GSK China: Corporate investigator charged

Peter Humphrey - undated still from CCTV Image copyright CCTV
Image caption Peter Humphrey and his wife were arrested in August 2013

Chinese prosecutors have formally filed charges against a British man and his wife linked to the GlaxoSmithKline bribery claims, state media say.

Peter Humphrey and his wife Yu Ying Zeng, an American national, are charged with illegally obtaining private information, Xinhua news agency said.

The pair were arrested in August 2013.

Mr Humphrey's company, ChinaWhys, was hired by GlaxoSmithKline China, which is embroiled in controversy over alleged systematic bribery of doctors.

Prosecutors say the couple "illegally trafficked a huge amount of personal information on Chinese citizens" for profit, Xinhua reported.

They obtained this information by "secret photography, infiltration or tailing after someone", it said.

"Based on the information, the couple compiled so-called 'reports' and sold them at high prices to their clients, most of which are China-based multinational corporations, including GSK China," it said.

Local courts "will hold [a] hearing about the case soon", the agency added.

How case unfolded:

•December 2012 - Vivian Shi Wen dismissed from GSK

•January 2013 - Email sent to GSK boss alleging bribery, with sex tape featuring China chief Mark Reilly attached

•April 2013 - Peter Humphrey hired to investigate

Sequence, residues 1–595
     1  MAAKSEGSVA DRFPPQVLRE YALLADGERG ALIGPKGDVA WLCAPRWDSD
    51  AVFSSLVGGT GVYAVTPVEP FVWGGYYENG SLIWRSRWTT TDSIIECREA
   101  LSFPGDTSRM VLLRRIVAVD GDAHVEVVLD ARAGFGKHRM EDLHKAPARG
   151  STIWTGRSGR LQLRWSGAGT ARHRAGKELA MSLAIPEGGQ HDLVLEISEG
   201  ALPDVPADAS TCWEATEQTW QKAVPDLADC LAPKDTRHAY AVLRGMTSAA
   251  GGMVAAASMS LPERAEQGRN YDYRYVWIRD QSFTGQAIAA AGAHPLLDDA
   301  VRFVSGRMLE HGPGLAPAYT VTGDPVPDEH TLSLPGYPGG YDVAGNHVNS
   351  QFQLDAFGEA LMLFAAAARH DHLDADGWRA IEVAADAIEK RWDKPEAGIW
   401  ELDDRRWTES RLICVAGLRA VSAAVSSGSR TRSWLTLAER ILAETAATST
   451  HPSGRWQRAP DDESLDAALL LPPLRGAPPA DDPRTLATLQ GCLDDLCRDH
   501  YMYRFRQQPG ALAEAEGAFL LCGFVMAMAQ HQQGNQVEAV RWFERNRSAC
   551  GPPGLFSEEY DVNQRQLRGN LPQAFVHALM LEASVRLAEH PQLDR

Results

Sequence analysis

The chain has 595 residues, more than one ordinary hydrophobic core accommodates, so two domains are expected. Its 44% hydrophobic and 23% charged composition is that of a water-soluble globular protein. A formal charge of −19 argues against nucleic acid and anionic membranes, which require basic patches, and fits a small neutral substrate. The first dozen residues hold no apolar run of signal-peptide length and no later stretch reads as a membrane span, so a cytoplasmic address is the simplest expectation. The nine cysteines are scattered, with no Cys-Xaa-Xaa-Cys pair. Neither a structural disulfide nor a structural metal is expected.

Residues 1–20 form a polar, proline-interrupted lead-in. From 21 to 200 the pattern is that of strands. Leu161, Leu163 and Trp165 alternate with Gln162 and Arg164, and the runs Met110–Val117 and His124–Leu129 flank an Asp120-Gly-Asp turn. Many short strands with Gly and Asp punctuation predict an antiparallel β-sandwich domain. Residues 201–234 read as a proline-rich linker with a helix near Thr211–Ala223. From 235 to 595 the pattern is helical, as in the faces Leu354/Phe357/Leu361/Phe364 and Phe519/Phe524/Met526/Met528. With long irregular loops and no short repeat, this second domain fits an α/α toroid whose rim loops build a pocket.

•July 2013 - Police detain four GSK employees

•Mr Humphrey and his wife arrested for allegedly buying and selling personal information - no link made with GSK case

•May 2014 - Chinese authorities accuse Mr Reilly of overseeing bribery network

•July 2014 - China says Peter Humphrey and wife will be tried in secret

'Learning lessons'

In a statement earlier this month, GSK said that its China operation hired ChinaWhys in April 2013 "to conduct an investigation following a serious breach of privacy and security related to the company's China general manager".

This is understood to relate to a sex tape said to have shown the general manager, Mark Reilly, who said the footage was filmed without his knowledge or consent.

The video was sent to GSK's London-based CEO Andrew Witty with an email accusing Mr Reilly of being behind systematic corruption in the company's China operation.

GSK suspected a former senior staff member, Vivian Shi Wen, who was dismissed at the end of 2012, had sent the email. ChinaWhys was also asked to find out how the video had been filmed and who was behind it.

Ms Shi has previously denied being the GSK whistleblower. Attempts by the BBC to reach her have been unsuccessful.

Mr Reilly is currently being investigated by Chinese authorities, as are at least two other senior GSK China executives. He is alleged to have pressed his sales team to bribe doctors, hospital officials and health institutions to increase sales of GSK products.

He is currently effectively detained in China, and has made no recent comment.

GSK has described the allegations as "deeply concerning".

"We are learning lessons from this situation and we are determined to take all actions necessary as a result," it said in the statement.

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